Juneau Police Department begins using body cameras
JUNEAU, Alaska (AP) — Some Juneau police officers have begun wearing body cameras, with more to come this year.
Five Juneau police officers are currently testing the body cameras, police Chief Ed Mercer said.
Mercer hopes to have all Juneau patrol officers and supervising sergeants trained and using body cameras by the middle of 2018
Officer Alex Smith has worn his for about a month. The body camera, magnetically attached to Smith’s chest, goes along with him when he patrols the downtown area, his primary area of focus, where he has a lot of interaction with the homeless, KTOO-FM reported Friday.
He turns it on every time he has an official contact, which he said could be six to 12 times a day, he said.
The cameras are always recording, Mercer said. Once an officer presses a button on the front of the camera, the camera begins tagging and storing video from a moment a few minutes before the officer pressed the button.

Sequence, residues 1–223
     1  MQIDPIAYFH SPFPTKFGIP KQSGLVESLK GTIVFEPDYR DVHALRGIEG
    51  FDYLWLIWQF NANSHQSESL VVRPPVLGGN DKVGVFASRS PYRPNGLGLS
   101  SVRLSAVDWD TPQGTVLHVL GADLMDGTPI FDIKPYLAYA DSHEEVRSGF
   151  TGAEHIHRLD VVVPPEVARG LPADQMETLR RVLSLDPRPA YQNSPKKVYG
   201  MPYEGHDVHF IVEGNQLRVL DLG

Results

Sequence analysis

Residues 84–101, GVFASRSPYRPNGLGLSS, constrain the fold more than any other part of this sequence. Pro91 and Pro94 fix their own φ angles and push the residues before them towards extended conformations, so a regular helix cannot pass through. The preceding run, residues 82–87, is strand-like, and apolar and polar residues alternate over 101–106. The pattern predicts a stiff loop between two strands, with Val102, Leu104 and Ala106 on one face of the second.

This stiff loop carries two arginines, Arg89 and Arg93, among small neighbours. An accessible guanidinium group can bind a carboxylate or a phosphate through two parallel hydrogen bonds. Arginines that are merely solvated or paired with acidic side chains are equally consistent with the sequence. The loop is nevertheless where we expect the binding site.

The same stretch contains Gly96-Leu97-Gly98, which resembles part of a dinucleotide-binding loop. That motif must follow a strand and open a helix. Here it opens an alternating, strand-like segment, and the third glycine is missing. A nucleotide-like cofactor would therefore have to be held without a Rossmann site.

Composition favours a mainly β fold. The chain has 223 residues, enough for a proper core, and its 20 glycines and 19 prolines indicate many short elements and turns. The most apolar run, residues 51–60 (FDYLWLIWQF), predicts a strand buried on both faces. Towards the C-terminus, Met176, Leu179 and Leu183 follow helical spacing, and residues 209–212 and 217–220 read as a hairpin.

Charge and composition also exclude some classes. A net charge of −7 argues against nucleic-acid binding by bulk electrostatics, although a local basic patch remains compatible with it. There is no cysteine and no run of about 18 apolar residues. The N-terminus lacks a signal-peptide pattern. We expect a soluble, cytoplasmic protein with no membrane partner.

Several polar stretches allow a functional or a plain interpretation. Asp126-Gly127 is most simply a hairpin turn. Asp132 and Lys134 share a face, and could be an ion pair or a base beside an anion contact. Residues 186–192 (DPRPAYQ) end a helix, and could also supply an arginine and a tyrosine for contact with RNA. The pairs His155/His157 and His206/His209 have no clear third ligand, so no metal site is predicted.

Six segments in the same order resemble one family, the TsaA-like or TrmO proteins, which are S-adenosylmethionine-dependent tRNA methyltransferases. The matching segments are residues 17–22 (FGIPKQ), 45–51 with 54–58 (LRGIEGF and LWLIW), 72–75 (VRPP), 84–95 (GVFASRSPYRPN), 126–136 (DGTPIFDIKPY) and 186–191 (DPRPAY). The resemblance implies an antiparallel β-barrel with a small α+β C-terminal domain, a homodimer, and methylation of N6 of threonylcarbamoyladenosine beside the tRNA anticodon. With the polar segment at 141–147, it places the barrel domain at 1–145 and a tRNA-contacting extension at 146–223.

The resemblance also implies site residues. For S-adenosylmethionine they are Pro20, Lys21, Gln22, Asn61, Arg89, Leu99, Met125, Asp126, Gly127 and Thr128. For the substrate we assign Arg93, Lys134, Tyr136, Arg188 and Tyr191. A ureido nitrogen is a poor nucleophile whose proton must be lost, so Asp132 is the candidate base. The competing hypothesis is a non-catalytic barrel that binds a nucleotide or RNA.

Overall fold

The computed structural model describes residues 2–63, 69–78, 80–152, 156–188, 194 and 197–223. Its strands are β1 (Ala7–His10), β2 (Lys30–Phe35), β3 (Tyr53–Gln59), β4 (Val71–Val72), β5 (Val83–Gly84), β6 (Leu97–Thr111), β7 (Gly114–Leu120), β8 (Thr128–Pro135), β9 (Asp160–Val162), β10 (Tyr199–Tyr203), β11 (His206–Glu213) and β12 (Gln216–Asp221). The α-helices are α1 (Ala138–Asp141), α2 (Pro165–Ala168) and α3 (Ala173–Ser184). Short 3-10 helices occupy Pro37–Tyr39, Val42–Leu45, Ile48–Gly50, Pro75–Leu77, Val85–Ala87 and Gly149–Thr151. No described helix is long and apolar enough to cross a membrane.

“Because in police work, things happen suddenly,” Mercer said. “Especially when you have cameras where you have to self-activate them. I believe that’s a mechanism put in the camera to help with that.”
The videos are later passed on to a server.
The camera also has a function that allows officers to label the type of event the video covers such as a traffic stop, arrest warrant or theft call.
So far, Smith thinks the body cameras help keep everyone accountable and make their work easier.
“When people know we are recording them as much as they’re recording us, a lot of times that actually helps to de-escalate (the situation),” he said.
Information from: KTOO-FM, http://www.ktoo.org